Tuesday, September 03, 2013

Countdown to Opening Night by the Elements: Number 28

Four weeks to go…28 days.  That brings us to Fearless’ look at chemistry for today…


Nickel is one of those elements that has been hiding in plain sight for centuries.  Often mistaken of silver (it has a similarly bright silvery white appearance), it has shown up in materials dating back more than 5,000 years.  In China 3,500 years ago, it was referred to as “white copper.”  It was not until the middle of the 18th century, though, that nickel in a pure form was produced, and that was almost by accident. 

While mining in Germany centuries ago, a red ore was found that had the appearance of copper.   The trouble was, try as they might to extract the copper from the ore, the miners found none there.  They blamed the problem on a mythical sprite – “Nickel” – and named the ore “kupfernickel (“kupfer” being a word meaning “copper”).”  It would not be until the mid-18th century that Axel Fredrik Cronstedt, a Swedish chemist, extracted nickel from the “kupfernickel,” even though what he was trying to do was extract the “kupfer.”  It was this, among other contributions to mineralogy, that resulted in Cronfeldt being memorialized in the John Joseph Griffin masterpiece, "A Practical Treatise on the Use of the Blowpipe, in Chemical and Mineral Analysis.”

These days, nickel can be found in a number of products and processes – rechargeable batteries, fuel cells, stainless steel, metal alloys requiring a corrosion-resistant element, tubing used in desalinization processes, electroplating, and as a coating agent to protect other metals.  It used to be widely used in coins, but has been replaced in large part by cheaper materials.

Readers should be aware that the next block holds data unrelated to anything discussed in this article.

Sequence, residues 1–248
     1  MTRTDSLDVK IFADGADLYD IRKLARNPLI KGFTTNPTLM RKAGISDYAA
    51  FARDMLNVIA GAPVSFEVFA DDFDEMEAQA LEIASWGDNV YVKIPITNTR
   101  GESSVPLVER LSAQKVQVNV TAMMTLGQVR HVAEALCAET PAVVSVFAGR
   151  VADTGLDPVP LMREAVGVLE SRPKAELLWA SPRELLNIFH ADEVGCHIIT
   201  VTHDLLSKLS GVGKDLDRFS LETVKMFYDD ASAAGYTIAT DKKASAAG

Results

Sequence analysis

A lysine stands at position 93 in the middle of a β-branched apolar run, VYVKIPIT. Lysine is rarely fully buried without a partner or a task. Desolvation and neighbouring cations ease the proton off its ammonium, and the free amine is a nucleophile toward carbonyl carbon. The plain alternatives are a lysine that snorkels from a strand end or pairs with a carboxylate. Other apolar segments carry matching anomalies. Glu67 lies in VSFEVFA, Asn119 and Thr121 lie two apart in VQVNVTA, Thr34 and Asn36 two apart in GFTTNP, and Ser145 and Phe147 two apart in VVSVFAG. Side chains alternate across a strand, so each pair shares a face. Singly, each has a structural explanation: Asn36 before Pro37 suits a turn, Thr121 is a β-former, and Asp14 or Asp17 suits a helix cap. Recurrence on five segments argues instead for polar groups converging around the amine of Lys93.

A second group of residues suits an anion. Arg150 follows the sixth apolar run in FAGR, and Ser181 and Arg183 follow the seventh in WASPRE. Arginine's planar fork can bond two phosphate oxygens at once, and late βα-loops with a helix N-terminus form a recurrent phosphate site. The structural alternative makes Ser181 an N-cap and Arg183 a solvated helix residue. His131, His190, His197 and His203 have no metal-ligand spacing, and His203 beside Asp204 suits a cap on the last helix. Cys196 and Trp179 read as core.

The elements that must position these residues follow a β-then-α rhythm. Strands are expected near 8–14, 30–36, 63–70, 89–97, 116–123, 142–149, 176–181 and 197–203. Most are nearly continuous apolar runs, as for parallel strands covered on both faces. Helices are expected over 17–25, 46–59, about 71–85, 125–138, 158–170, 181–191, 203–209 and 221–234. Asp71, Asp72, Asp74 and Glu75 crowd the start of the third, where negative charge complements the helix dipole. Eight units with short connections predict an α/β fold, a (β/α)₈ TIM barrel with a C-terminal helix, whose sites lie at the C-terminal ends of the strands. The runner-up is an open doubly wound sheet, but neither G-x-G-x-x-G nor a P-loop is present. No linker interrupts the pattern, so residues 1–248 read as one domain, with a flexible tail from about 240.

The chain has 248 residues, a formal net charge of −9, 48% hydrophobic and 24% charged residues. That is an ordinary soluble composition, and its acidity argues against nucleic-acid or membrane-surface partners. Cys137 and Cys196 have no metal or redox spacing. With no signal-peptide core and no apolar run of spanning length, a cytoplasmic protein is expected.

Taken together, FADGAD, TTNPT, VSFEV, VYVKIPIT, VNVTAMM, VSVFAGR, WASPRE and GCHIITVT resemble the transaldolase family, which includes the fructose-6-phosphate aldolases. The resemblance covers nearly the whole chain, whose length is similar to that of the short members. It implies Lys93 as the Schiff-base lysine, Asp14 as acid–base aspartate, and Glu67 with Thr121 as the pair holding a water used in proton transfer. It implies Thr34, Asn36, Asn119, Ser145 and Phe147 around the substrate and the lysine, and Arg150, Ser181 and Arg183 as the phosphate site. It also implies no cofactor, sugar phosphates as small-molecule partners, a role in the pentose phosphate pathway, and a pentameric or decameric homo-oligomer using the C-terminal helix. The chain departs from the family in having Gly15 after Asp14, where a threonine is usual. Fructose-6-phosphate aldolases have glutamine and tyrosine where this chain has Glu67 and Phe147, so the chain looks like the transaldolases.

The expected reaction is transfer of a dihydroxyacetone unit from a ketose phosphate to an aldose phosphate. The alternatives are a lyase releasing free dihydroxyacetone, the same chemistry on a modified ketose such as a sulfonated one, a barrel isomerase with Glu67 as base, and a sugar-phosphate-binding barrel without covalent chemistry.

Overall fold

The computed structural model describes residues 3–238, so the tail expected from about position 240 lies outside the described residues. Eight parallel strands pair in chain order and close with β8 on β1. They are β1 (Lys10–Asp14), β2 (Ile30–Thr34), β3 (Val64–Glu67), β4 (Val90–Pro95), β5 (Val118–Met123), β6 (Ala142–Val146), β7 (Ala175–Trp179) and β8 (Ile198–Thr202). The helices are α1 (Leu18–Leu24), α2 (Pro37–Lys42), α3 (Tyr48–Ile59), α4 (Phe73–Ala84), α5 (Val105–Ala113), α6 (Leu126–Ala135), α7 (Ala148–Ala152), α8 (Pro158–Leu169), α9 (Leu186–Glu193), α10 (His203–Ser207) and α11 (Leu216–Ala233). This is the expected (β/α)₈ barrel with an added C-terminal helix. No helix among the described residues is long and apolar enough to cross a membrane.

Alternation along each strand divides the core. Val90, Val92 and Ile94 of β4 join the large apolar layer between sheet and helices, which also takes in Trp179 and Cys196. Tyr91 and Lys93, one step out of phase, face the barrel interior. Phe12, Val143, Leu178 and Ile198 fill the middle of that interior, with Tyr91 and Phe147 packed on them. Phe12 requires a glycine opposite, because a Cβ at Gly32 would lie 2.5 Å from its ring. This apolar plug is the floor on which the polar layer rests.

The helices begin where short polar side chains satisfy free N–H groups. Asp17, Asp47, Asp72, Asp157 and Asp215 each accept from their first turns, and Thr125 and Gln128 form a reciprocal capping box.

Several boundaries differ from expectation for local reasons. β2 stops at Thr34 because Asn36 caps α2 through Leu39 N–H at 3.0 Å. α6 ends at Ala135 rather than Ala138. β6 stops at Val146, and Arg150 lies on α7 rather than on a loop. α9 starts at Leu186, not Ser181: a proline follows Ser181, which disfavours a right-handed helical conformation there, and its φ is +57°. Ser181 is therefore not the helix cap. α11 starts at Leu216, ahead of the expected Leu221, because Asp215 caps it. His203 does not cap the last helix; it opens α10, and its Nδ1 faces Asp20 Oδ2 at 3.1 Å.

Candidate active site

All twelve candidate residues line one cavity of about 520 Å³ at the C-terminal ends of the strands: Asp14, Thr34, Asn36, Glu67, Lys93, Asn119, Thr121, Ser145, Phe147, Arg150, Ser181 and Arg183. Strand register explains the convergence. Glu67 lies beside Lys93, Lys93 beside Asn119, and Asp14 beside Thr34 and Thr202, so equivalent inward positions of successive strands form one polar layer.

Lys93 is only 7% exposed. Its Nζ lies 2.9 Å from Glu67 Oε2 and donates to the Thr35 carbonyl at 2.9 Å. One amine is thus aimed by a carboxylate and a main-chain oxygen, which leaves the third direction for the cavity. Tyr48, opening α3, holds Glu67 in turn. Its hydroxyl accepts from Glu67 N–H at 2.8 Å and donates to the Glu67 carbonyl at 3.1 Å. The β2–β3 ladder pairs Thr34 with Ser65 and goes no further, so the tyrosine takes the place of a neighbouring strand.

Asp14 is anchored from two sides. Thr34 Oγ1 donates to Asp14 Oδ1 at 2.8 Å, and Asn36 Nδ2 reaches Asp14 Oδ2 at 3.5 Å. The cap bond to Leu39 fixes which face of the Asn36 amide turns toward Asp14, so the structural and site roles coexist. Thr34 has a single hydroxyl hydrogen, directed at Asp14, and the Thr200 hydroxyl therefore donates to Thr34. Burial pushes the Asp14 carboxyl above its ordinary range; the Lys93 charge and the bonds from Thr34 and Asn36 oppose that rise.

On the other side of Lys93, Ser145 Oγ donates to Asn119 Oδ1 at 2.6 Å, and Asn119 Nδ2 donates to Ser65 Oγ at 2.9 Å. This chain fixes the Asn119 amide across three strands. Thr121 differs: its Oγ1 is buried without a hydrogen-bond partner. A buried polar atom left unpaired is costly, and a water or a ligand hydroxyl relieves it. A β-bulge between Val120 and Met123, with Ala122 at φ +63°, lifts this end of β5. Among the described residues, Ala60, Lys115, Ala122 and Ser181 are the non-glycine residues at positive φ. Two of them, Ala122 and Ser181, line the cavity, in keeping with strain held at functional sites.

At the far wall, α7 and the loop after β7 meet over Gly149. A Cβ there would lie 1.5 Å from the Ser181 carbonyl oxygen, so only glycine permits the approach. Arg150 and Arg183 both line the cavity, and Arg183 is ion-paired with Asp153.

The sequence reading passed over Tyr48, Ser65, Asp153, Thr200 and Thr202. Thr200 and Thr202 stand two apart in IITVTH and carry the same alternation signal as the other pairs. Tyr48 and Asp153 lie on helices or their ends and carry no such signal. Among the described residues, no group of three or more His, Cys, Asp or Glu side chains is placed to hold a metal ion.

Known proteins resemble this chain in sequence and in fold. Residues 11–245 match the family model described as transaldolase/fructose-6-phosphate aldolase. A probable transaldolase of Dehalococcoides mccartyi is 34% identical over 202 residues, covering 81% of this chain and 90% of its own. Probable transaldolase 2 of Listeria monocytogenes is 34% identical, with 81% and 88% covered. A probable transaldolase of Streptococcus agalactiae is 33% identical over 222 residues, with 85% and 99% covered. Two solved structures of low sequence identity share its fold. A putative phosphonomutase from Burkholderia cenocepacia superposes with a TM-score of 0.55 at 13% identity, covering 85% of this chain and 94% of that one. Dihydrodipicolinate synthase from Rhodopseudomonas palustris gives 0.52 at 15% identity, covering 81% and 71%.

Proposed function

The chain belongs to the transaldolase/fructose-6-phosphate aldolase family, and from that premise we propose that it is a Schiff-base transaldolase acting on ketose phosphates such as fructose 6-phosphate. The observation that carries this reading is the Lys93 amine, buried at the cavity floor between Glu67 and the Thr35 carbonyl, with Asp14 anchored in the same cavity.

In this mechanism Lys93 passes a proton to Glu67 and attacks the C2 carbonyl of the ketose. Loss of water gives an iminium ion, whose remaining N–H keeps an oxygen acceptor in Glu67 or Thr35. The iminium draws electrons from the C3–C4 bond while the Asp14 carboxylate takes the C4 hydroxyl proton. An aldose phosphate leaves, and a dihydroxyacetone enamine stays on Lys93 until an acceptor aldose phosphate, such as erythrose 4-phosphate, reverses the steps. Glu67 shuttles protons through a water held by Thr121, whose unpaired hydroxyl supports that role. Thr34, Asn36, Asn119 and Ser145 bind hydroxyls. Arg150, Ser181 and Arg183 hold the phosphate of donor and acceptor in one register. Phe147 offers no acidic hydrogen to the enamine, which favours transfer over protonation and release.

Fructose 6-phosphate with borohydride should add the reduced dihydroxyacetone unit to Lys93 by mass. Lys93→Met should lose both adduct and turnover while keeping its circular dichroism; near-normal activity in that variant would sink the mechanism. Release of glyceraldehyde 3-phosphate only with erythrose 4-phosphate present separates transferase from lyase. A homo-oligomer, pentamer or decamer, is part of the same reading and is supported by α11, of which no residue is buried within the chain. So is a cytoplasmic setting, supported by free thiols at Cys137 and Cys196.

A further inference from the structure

When found in larger pieces, nickel is not a particularly reactive material.  But in its pure form and machined into a fine powder, it can be quite reactive.  It is often found in combination with iron, and in fact it is this nickel-iron mixture that is thought to be the main constituent of the earth’s inner core.  In compounds it can take on a variety of colors – red, blue, yellow – depending on the compound.  In fact, it is often used as a pigment, lending a green color to glass.

So there it is.  An element that can be dormant chemically in most situations, but reactive in special conditions, an element that has uses that lend strength and protective qualities, yet an element that has decorative purposes quite apart from its usual applications.  Sort of like a hockey player who plays a modest role in most situations, but who can stand up for his teammates; a player who has unusual talents not normally associated with his regular play (say, as a shootout specialist); a player who was paid a modest salary, but who was replaced by cheaper players when he became a free agent; a player who has worn sweaters of red, and now of blue and yellow colors.

Nickel…the former Cap “Matt Hendricks” of the periodic table of the elements.

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